• evaluate the usefulness of considering secondary-sourced research before undertaking an investigation to collect primary data, in order to: cct
  • make inferences
  • develop inquiry questions
  • construct suitable hypotheses
  • plan suitable investigations
  • avoid unnecessary investigation
  • Observing Patterns

  • Inquiry question: How does humans’ ability to recognise patterns affect the way they interpret data?
  • Students:
  • describe patterns that have been observed over time throughout the Universe and in nature using, for example: cct
  • animal migration
  • movement of comets
  • formation and shape of snow crystals
  • elements exhibiting certain properties
  • interpret data in order to propose a hypothesis based on an irregular pattern observed over time in the Universe and in nature using, for example: cctln
  • the Aurora Australis
  • fractals in nature
  • the behaviour of unstable isotopes
  • examine the human tendency to observe patterns and misinterpret information, for example:
  • discuss how the tendency to recognise patterns, even when they may not exist, can lead to misinterpretation of data
  • discuss the role and significance of outliers in data
  • Developing Inquiry Questions

  • Inquiry question: How can hypotheses and assumptions be tested?
  • Students:
  • gather secondary-sourced data describing historical instances of long-standing assumptions that have been updated by scientific investigation, including but not limited to: ccteu
  • spontaneous generation and the investigations that led to the proposal of the germ theory
  • radioactivity: including the work of Henri Becquerel and Marie Curie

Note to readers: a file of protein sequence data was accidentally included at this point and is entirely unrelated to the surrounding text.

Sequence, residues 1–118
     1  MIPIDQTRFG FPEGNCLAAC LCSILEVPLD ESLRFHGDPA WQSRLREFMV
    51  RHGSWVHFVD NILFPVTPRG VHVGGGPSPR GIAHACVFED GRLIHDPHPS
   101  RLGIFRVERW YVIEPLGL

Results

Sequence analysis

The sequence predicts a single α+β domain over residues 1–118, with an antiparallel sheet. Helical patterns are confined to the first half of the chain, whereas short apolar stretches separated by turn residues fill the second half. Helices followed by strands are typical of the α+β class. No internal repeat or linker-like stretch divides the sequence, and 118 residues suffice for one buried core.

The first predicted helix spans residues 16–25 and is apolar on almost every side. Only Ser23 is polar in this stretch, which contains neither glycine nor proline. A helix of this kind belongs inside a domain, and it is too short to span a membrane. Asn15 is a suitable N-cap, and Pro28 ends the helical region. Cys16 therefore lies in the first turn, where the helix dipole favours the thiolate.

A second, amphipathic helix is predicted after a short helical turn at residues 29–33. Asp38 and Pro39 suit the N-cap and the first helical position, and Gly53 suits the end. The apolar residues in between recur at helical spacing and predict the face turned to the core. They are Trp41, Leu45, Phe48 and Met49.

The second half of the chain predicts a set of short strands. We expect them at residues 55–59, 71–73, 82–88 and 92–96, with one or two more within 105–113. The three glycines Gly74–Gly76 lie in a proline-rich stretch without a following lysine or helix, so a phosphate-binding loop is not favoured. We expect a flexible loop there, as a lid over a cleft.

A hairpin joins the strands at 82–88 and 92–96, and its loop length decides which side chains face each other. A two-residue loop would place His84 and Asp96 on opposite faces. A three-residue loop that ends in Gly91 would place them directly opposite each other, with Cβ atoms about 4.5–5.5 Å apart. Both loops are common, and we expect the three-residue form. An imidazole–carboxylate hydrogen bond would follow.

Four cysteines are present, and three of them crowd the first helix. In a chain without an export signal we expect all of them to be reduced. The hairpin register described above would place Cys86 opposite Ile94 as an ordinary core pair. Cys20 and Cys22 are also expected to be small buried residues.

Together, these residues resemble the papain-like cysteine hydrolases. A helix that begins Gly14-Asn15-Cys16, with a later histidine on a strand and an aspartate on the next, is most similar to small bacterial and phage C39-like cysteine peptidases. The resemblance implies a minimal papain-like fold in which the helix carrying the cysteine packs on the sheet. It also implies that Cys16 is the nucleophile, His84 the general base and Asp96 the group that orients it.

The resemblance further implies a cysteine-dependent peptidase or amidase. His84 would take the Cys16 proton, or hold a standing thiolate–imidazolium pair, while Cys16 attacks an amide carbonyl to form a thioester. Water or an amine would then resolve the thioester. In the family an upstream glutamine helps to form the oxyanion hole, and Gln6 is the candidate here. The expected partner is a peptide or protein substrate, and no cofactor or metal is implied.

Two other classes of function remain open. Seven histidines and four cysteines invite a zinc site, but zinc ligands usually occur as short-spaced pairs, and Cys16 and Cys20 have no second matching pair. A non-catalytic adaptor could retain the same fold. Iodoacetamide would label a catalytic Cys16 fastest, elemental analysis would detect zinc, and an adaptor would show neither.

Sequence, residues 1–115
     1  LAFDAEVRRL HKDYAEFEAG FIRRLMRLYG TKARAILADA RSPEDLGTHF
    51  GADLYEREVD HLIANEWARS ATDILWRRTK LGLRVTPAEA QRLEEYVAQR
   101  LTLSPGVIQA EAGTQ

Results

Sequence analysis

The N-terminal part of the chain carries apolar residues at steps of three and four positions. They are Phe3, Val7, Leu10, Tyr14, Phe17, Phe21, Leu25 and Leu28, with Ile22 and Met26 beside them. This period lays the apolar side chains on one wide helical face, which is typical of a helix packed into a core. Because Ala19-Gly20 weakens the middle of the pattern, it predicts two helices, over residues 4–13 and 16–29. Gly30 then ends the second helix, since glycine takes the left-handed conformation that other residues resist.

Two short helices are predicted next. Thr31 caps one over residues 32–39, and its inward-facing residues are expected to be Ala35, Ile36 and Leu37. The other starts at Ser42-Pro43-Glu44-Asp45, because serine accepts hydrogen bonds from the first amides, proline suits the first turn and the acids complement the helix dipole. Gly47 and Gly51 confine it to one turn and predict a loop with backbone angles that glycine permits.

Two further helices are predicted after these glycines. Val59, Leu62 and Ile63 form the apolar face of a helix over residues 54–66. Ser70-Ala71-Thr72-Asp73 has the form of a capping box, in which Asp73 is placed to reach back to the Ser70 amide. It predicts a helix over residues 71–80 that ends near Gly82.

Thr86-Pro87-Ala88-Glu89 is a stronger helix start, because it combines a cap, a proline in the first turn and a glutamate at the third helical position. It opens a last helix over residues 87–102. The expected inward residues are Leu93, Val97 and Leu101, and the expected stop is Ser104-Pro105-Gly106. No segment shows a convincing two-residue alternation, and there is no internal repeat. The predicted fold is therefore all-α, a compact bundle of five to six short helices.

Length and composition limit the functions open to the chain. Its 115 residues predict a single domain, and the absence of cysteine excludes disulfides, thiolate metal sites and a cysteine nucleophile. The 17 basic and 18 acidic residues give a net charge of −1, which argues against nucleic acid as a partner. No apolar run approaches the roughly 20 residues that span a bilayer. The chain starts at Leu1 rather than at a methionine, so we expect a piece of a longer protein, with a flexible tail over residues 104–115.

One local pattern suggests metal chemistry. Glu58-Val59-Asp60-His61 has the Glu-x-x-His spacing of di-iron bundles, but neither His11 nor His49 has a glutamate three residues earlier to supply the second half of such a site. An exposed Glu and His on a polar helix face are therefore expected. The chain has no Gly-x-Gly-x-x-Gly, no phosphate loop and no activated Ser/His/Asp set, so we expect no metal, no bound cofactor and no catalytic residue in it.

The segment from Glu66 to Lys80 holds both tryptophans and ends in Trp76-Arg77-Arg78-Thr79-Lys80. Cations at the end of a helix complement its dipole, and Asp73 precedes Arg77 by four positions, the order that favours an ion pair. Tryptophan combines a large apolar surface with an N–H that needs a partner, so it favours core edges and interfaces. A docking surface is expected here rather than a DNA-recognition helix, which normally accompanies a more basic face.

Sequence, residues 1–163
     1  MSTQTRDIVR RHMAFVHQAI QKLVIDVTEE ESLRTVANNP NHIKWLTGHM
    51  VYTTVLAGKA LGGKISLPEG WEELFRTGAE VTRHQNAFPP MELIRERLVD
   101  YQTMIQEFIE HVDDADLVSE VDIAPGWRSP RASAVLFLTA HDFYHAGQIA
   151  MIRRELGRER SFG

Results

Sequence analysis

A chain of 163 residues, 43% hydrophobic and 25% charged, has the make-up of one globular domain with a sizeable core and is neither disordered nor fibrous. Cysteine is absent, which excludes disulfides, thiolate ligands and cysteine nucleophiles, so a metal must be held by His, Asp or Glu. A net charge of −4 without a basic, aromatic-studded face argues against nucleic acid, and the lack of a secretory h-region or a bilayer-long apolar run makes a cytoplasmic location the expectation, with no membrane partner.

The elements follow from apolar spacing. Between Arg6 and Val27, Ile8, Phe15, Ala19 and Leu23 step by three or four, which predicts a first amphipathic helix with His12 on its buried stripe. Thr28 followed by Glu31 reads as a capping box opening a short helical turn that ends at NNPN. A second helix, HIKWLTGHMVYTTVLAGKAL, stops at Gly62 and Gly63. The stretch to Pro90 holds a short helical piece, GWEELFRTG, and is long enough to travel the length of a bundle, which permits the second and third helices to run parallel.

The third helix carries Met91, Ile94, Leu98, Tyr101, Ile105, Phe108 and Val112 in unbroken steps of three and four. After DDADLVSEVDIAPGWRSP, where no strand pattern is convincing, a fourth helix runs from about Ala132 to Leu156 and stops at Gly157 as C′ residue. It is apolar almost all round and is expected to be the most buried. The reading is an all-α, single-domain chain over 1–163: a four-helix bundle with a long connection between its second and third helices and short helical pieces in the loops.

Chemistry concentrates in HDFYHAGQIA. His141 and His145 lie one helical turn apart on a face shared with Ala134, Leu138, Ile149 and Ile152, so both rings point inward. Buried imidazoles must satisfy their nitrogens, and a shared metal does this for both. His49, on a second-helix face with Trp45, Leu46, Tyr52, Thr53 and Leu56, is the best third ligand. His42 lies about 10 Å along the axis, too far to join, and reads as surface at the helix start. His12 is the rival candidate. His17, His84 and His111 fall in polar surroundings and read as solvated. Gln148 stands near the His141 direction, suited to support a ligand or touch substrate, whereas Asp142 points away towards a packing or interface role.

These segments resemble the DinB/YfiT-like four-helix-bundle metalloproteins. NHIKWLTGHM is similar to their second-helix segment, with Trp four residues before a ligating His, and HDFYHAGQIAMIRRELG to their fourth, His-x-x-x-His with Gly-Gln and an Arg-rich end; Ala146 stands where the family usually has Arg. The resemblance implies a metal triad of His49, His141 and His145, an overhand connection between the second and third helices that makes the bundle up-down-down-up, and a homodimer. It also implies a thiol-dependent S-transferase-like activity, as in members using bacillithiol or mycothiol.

• phlogiston theory
  • human influences on atmospheric pollution
  • propose an inquiry question, construct a hypothesis and conduct an investigation that tests a common assumption, for example:
  • washing with antibacterial soap kills more germs than washing with normal soap
  • the Sun rises in the East and sets in the West
  • what goes up must come down
  • use appropriate representations to analyse the data cctictln
  • Generalisations in Science

  • Inquiry question: What generalisations and assumptions are made from observed data?
  • Students:
  • make generalisations to describe any trends found in the data ictn
  • draw conclusion based on generalisations ictn
  • Peer Review

  • Inquiry question: What role do peers play in scientific investigation?
  • Students:
  • assess the input that collaborative teams and alternative perspectives have had on the development of hypotheses and research questions that have contributed to the development of, for example: iudd
  • particle accelerators
  • periodic table
  • study of bioastronomy
  • geological uniformitarianism
  • assess the scientific community's current understanding of scientific mysteries and outline why this understanding remains incomplete, including but not limited to: cctict
  • origins of life on the Earth
  • the idea that feynmanium is the last chemical on the periodic table that could exist
  • the expanding Universe and Hubble constant
  • evaluate biases that may have affected the scientific thinking of European settlers about Aboriginal and Torres Strait Islander Peoples’ ecological understanding and knowledge of Country and Place in relation to agricultural practices and the biological and natural resources of Australia ahcseeuiucc